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Black jelly brings a more resilient future for rural Viet Nam
Light and refreshing, with a mild, earthy flavour, Vietnamese black jelly is the perfect end-of-summer treat. It’s already popular throughout Viet Nam and its neighbouring countries – and thanks to the work of local growers and an IFAD-supported project, it’s now destined for wider audiences.
Restoration takes root: Nasreen’s story
Nasreen’s family was struggling to make ends meet. Now, thanks to an IFAD-supported project, she runs her own ecological farm that produces high-quality, chemical-free vegetables – all while it restores the local ecosystem.
What we’re reading for World Water Week
Here’s a list of our favourite books and other resources about the state of water in our world and the way it intersects with our politics, economics and societies.
Community-driven change brings water security in Tonga
Eua Island is home to many of the Kingdom of Tonga’s natural resources. Recently, climate change and natural disasters have caused significant water supply challenges, but an IFAD-supported project – made possible by the islanders’ incredible community spirit – is working to change that.
The Greenthumb Youth Group casts their nets
The Greenthumb Youth Group hadn’t had much luck with traditional farming. But thanks to a grant to set up an aquaponics venture – combining crop farming and fish farming – their success is making waves all along the value chain.
In Rwanda, public-private partnerships benefit small-scale cassava farmers
Cassava is one of Rwanda’s most important staple crops, but market access remains a challenge. The Ingabo Syndicate, an organization of cooperatives, has been helping its cassava producers find markets for over two decades – most recently, through public-private partnerships.
Responding to the challenges of a year like no other: IFAD’s 2020 Annual Report
IFAD’s Annual Report provides a concise, compelling and interactive discussion of how we addressed the challenges of the last year.
New horizons for the Ingobor Youth Group
Meet Ingobor, a group of 20 former bus drivers and conductors who pooled their resources and established a successful dairy business.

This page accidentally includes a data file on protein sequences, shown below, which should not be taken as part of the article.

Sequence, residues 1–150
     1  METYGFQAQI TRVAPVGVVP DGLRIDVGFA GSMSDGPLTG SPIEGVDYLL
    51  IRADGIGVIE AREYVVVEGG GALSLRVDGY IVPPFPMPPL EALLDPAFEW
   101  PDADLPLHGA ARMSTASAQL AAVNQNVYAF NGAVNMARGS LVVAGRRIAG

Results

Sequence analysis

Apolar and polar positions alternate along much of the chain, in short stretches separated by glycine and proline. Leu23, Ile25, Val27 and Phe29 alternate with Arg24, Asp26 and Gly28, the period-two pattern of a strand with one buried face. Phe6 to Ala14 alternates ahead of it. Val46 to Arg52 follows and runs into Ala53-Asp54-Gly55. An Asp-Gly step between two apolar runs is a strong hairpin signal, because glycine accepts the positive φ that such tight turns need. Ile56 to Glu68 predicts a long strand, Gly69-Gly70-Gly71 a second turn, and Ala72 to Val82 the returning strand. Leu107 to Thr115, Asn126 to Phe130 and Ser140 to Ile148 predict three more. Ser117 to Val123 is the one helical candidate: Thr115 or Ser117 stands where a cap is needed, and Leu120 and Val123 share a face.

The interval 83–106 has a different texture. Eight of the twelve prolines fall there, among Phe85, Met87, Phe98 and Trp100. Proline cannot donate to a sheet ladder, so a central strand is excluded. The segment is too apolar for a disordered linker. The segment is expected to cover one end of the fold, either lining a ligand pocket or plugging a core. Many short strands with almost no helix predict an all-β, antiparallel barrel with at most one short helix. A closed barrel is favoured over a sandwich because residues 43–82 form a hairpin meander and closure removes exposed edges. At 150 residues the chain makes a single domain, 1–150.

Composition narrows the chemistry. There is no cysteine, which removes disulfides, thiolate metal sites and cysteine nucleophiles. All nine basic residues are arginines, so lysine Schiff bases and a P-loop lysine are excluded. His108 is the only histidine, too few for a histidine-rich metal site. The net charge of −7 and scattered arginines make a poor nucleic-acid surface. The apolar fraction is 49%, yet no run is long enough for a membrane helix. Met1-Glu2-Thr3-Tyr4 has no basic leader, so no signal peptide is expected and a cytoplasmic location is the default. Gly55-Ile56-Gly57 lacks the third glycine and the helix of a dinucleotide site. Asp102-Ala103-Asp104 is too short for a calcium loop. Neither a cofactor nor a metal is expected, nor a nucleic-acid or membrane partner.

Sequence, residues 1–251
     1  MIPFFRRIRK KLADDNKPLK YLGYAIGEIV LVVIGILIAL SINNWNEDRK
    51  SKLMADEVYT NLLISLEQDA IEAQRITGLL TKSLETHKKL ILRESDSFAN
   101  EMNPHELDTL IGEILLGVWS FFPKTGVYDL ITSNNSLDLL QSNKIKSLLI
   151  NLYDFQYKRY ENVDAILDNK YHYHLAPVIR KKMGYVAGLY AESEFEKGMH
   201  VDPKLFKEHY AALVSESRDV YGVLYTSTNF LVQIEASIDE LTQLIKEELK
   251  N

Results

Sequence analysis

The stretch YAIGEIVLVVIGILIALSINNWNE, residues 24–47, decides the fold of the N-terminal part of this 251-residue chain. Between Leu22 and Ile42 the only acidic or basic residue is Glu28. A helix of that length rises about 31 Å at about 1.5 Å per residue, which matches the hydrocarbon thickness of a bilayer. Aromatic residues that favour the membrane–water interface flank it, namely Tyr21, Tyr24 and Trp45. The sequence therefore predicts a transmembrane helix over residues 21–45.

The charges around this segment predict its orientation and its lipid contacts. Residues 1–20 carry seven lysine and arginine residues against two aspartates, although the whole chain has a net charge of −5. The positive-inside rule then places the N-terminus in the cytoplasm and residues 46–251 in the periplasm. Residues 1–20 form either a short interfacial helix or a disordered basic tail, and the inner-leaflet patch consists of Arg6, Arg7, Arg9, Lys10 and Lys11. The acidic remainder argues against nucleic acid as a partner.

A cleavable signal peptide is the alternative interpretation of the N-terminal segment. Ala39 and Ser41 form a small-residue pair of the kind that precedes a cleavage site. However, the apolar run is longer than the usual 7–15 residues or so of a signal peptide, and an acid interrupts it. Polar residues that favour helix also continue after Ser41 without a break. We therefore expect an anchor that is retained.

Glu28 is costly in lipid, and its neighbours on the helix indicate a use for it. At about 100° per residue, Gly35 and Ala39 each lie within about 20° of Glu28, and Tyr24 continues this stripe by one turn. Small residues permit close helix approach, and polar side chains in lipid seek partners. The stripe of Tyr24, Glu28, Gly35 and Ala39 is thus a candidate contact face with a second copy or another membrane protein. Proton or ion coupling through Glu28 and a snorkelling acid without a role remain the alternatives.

Three ways to harvest water in Brazil’s sertão
For centuries, people living in Brazil’s semi-arid region have struggled with a lack of water. But over the last decades, thanks to support from IFAD and other development actors, these communities are squeezing a few more drops of water from Mother Nature.
The potential and unknowns of gender transformative approaches
With less than a decade left to meet the Sustainable Development Goals, the sobering current global trajectory is one in which it will take roughly 170 years to achieve gender equality. The current global pandemic has both made gender inequalities more visible and worsened them, including in food systems.
Seeing the invisible, doing the impossible: A young Nigerian entrepreneur’s journey to success
Dorothy Chia Vandefan is nothing if not insightful. She describes herself as a serious-minded agricultural entrepreneur who can create opportunities where there seem to be none – and she’s right.
In Moldova, new frontiers for the honeybee business
Thanks to an IFAD-supported grant, Ecaterina’s honey business is taking off – and now she and her fellow entrepreneurs have a bigger market reach than ever before.
Recipes for Change: A conversation with Chef Shane Chartrand
For over a decade, Chef Shane Chartrand has been on a personal and culinary journey: figuring out what it means to be of Cree descent and of Métis upbringing, and how to integrate that into being a professional chef living and working in Edmonton, Alberta, Canada, on Treaty 6 territory.
Grass funds: Tradition meets ingenuity in Brazil’s sertão
Too many people assume Brazil’s fundo de pasto communities are relics of the past. Today, they’re at work uniting centuries-old traditions with contemporary food systems.
11 reasons why remittances are important
Every year, on 16 June, the International Day of Family Remittances (IDFR) is observed to raise further awareness on the abnegation and sacrifice of migrant workers, who support their families and communities of origin through the money they send back home, particularly in these times of crisis.
Climate-smart agriculture supports food systems in rural Georgia
Through the use of climate-smart agriculture techniques, an IFAD-supported project is helping rural Georgian farmers holistically restore their local and regional ecosystems.
The community bakery empowering Egypt’s rural women
In a country where artisanal bread is the rule rather than the exception, the Qena community bakery stands out among the rest – and it’s run entirely by rural women.
Food from fallows: capitalizing on idle land for better food security in South Asia
Every year after the rice harvest in South Asia, a vast area of over 15 million hectares lies idle (fallow) until the next rice planting season several months later. Scientists in countries like Bangladesh, India and Nepal think the fallow land could, and should, be used for additional crops that increase farmer incomes and food security.
How innovation is helping tea growers in Sri Lanka
Sri Lanka has been a global supplier of tea since the plant was first imported to the island about a hundred and fifty years ago. Since then, tea estates have often been passed down from generation to generation, weathering good times and bad.
From Kenya: the Ogiek honey Slow Food Presidium
The entire Ogiek belief system and livelihood relies on the forest and its resources, with honey being the most important product and a staple food for Ogiek families.